Kaine Gives Panel Latitude to Probe Campus Killings

By Bill Turque and Sari Horwitz
Washington Post Staff Writers
Friday, April 20, 2007

RICHMOND, April 19 -- Gov. Timothy M. Kaine on Thursday created an eight-member independent panel, including former U.S. homeland security secretary Tom Ridge, to review all aspects of the Virginia Tech massacre, from shooter Cho Seung Hui's medical history to the school's widely criticized delay in warning students of danger.

Earlier in the day, the director of Virginia Tech's counseling center disclosed that school officials had not been told about Cho's release from a mental health facility in December 2005 with a court order to seek counseling. School officials said no students had formally complained about Cho's behavior in the 15 months after his release from the facility in nearby Radford.

In Richmond, Kaine (D) announced the appointment of Ridge and five experts from medicine, law enforcement and education to the group, which will be headed by retired Virginia State Police superintendent W. Gerald Massengill. Two other members, a judge and an expert in victim services, will be added soon, he said.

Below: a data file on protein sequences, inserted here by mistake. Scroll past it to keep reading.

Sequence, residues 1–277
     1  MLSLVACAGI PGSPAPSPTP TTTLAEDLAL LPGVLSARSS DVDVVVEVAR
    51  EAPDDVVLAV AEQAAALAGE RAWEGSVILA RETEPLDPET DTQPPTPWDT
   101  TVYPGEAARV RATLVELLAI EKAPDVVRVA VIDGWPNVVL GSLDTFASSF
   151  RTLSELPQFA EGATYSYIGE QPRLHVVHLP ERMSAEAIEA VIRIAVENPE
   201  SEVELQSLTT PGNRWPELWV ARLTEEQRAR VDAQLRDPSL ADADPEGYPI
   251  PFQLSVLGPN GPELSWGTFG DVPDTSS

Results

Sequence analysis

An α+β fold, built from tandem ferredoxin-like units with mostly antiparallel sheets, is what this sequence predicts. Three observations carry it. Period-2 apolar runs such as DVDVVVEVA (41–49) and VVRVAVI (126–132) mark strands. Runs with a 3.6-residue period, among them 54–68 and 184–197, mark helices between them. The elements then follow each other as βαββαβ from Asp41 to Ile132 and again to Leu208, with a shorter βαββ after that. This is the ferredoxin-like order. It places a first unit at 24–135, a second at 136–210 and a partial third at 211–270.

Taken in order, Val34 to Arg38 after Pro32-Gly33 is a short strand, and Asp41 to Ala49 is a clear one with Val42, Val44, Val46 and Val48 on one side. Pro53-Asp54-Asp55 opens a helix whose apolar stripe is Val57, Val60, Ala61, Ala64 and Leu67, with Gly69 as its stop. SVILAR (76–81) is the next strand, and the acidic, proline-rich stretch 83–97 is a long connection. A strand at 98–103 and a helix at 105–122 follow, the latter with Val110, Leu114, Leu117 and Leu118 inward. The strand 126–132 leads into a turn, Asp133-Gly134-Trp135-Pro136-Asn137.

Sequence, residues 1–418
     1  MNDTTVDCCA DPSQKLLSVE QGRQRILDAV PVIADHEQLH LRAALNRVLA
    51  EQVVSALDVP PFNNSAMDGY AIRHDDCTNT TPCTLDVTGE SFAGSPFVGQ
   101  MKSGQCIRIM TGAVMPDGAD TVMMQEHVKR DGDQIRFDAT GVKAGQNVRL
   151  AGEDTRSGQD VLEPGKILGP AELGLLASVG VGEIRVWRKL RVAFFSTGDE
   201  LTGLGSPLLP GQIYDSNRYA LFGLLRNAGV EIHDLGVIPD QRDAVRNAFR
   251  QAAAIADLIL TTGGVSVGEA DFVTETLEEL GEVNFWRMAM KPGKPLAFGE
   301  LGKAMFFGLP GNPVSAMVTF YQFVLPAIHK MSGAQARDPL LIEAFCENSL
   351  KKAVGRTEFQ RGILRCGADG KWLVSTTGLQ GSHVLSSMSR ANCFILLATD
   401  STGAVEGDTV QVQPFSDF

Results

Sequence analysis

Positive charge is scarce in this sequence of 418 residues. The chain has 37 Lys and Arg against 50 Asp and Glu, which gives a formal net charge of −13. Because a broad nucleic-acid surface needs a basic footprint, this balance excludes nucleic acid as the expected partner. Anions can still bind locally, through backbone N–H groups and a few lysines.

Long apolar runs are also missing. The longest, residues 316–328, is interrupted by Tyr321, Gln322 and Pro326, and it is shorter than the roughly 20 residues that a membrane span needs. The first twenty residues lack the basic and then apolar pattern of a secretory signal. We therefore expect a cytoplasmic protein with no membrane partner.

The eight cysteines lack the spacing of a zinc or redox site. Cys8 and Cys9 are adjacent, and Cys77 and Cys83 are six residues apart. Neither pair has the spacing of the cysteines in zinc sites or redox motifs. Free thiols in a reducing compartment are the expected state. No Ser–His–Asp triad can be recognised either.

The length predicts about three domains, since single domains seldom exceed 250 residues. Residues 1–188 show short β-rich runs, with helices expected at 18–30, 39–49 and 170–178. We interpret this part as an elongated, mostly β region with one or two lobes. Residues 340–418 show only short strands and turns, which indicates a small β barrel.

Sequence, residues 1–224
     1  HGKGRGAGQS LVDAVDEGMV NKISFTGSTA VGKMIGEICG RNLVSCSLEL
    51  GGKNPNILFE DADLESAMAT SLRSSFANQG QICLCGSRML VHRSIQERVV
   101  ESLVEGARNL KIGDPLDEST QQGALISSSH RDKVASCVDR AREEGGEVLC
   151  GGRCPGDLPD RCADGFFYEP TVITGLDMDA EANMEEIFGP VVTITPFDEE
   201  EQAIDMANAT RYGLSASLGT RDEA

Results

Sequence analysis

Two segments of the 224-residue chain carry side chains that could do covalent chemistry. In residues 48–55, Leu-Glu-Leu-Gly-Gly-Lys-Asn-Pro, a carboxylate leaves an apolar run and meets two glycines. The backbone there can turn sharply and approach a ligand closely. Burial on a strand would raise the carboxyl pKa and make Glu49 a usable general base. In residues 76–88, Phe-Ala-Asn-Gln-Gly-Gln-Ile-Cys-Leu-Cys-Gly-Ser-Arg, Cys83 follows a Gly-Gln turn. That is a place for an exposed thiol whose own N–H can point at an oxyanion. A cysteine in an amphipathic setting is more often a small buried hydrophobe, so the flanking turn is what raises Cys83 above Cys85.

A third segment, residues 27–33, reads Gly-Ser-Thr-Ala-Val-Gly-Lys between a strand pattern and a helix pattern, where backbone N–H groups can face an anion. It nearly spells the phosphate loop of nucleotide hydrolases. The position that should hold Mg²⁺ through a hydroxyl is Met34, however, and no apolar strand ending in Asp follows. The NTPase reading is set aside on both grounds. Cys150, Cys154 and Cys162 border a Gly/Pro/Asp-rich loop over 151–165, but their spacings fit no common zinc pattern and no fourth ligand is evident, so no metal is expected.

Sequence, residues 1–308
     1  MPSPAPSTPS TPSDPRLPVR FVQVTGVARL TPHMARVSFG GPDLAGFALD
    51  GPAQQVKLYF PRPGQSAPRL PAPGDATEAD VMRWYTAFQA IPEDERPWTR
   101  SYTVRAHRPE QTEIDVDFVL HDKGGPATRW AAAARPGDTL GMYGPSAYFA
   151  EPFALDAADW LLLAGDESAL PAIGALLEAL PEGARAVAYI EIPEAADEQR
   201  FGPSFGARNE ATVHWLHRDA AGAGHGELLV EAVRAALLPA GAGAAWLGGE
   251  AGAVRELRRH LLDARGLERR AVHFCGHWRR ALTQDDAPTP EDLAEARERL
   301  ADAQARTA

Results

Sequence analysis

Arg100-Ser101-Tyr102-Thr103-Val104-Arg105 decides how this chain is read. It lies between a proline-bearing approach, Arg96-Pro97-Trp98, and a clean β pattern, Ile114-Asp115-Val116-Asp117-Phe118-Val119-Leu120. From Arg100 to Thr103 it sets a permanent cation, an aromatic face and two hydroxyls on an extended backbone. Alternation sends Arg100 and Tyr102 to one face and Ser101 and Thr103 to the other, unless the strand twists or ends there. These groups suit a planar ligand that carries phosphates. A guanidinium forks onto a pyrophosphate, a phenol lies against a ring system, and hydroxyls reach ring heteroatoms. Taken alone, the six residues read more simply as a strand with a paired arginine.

Kaine and Massengill made it clear that the inquiry was designed not to affix blame for Monday's catastrophe but to understand its causes and put in place safeguards to reduce the chances of a recurrence.

"This is a case study," said Massengill, 64, who led the state's response to the Sept. 11, 2001, terrorist attack on the Pentagon and the 2002 sniper attacks in the Washington area. "We're not trying to second-guess anyone."

Kaine was asked whether the panel will tell the public if it concludes that mistakes or misjudgments occurred bef ore, during or after the violence. He said that the aim is "not to point fingers" but that "knowing Col. Massengill, he's not going to spare asking any hard questions."

After Cho killed two students at West Ambler Johnston Hall about 7:15 a.m. Monday, it took campus police more than two hours to inform Virginia Tech students. A number of law enforcement experts have speculated that the school's failure to lock down the campus after the initial killings might have contributed to the carnage later at Norris Hall, where the gunman from Fairfax County killed 30 people and himself.

Kaine said the panel would focus on three areas:

· Cho and his mental health before the shootings. This part of the review will include warning signs that might have gone unheeded, legal or administrative barriers that might have kept critical information from school administrators, and the circumstances surrounding his purchase of the two handguns he used.

· A minute-by-minute deconstruction of the shootings.

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